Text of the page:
Please Stop Telling Me My Mental Illness Is 'All in My Head'
Stop telling me to smile; that things aren’t as bad as they seem, that I blow it out of proportion. That it’s all in my head — that I can just choose to be happy.
Yes, it is in my head — my mind, my soul, my brain, my body. My thoughts attack me. They yammer on; an insane choir clanging about hopelessness, ugliness, self-hatred and fear. My body aches with the pain. I close my eyes and it dances through my dreams: memories of trauma past.
Stop telling me to quit thinking so much or to quit dwelling on the past. I don’t hold on to the past. It holds onto me with a stranglehold, choking my present and future.
Don’t you think if I could let it go, I would? I hate living surviving like this. I’m not looking for attention. If I could wake up tomorrow, free of chains of depression and post-traumatic stress disorder, then hell yes, I would! You’re uncomfortable. I’m sad and anxious. You don’t like it. So, I learned to hide my truth. I paste a smile on my face and try to act, if not happy, at least “normal.” Whatever normal is.
When I can’t hide it, I’m told to smile. Some call me “weak” or “crazy.” Many walk away. Or maybe I push them away. I can’t tell. See, I feel worthless. Why would you want to be around me? Would you believe, or even care, that some days a victory is getting out of bed? I showered, I brushed my teeth, I put on clean clothes. I won.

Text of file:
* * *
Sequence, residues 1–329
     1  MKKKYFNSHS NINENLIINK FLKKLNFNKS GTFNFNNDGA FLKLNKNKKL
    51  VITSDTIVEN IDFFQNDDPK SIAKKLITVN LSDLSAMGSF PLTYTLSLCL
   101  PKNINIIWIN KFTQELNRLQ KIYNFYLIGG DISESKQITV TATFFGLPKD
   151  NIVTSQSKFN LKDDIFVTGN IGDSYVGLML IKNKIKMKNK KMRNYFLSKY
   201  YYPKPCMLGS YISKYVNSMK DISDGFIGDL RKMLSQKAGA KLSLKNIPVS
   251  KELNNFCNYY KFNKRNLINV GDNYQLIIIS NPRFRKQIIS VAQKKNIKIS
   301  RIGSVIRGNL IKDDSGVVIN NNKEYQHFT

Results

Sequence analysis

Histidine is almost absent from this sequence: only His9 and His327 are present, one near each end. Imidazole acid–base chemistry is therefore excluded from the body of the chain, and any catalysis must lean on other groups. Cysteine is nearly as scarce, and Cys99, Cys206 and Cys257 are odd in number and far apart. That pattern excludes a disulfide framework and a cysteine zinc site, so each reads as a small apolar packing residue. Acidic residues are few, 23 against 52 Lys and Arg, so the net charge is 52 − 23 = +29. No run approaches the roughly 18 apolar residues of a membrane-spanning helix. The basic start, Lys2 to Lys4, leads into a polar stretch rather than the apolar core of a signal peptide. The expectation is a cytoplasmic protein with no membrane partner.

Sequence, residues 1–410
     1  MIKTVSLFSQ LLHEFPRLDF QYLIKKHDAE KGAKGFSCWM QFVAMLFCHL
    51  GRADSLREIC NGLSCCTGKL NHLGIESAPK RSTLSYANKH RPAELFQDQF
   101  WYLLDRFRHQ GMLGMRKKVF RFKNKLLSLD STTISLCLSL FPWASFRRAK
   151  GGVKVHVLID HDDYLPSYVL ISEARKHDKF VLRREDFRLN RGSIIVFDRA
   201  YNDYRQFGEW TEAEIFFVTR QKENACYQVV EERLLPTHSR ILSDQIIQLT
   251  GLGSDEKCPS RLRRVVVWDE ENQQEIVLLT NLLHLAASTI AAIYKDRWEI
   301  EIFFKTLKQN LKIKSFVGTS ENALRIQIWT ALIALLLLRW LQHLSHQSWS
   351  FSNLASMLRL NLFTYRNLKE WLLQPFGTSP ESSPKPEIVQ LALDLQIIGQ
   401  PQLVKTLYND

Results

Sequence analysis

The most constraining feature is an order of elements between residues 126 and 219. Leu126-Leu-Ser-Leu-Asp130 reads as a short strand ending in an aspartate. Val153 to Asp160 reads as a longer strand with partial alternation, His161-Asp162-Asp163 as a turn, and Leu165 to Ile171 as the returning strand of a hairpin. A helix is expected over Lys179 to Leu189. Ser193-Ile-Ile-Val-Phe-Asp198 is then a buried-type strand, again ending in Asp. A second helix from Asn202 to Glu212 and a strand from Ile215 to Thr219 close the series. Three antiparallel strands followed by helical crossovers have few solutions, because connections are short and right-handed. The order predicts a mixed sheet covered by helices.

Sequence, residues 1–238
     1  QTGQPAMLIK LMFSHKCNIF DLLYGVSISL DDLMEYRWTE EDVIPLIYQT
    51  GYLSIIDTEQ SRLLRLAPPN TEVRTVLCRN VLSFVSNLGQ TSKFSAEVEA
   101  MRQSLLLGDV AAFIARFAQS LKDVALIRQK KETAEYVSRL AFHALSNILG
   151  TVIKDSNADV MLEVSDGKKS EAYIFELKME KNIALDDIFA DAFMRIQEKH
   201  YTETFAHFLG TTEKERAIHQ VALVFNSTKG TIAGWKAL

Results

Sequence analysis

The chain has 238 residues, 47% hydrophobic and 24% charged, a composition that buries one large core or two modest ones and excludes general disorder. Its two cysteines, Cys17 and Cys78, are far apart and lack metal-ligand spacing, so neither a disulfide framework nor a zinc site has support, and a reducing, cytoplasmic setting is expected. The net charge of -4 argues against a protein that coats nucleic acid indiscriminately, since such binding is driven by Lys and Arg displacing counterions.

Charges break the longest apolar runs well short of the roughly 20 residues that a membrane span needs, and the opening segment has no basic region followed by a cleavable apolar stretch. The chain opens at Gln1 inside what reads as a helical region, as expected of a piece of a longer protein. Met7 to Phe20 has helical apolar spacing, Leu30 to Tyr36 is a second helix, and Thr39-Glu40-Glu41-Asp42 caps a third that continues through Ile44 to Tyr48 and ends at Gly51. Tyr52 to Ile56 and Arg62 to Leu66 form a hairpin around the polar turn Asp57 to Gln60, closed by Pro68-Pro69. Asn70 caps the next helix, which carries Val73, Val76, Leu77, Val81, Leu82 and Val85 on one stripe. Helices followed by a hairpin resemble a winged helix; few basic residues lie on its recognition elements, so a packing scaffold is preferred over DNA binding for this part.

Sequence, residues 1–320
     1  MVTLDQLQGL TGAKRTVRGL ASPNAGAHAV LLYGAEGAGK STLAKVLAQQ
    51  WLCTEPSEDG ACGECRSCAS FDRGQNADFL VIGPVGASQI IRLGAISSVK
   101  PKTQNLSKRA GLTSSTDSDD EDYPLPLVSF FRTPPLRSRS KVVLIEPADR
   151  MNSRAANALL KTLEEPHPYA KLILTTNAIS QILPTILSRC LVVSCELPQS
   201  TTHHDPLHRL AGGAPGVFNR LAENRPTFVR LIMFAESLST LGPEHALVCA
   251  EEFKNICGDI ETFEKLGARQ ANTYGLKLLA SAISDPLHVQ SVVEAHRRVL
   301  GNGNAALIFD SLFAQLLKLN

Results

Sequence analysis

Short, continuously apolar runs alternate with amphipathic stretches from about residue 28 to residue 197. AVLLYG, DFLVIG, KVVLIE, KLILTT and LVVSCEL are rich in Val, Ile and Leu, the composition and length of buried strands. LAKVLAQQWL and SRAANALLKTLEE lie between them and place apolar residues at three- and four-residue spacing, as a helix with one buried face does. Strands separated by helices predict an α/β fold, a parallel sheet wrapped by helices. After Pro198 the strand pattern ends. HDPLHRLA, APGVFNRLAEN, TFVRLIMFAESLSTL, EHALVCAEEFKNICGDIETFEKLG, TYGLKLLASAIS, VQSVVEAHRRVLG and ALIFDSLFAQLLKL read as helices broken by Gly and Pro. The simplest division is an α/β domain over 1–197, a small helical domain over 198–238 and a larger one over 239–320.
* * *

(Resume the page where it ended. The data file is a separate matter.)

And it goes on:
Isolation and numbness. I watch life. I watch people and wonder why I’m not like them. Alone in a crowd. Both wanting to reach out and wanting to be alone. Isolation is my wall and moat, protecting me from fear — the unknown, risk. I’m safe. So, I watch. I keep distant.
It’s confusing. There are days I feel more at peace. I enjoy being around people. I run, I go to the gym, I blog, I may even go to the writing group at the VA. I laugh at the antics of my pet ferrets. I have some hope for the future. Some plans, some dreams. I never know if it will be a good day, where I function and feel OK. Or will it be a bad day when I can barely accomplish anything and anxiety rides my back always waiting to drag me down into a panic attack. I just want to curl into a ball and cry.
When my mood crashes, it gets even harder. Those long nights and days hiding in my house. Trying to force myself to function in the outside world. It takes so much energy that it frequently feels like it’s just not worth trying anymore. On those days, those times, depression is a little death. I want a drink to silence the yammering thoughts for just a while. I want to sleep without dreams. Without being haunted by specters of the past. I don’t want to wake up. But I know I will. And I’ll paste a smile on my face and hope it’s one of the good days.
Don’t judge me! Don’t call me weak! Every day I breathe, every time I risk doing something new, every time I keep going — it’s a victory.
If you or someone you know needs help, visit our suicide prevention resources page.
If you need support right now, call the National Suicide Prevention Lifeline at 1-800-273-8255 or text “START” to 741-741.
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Thinkstock photo via Grandfailure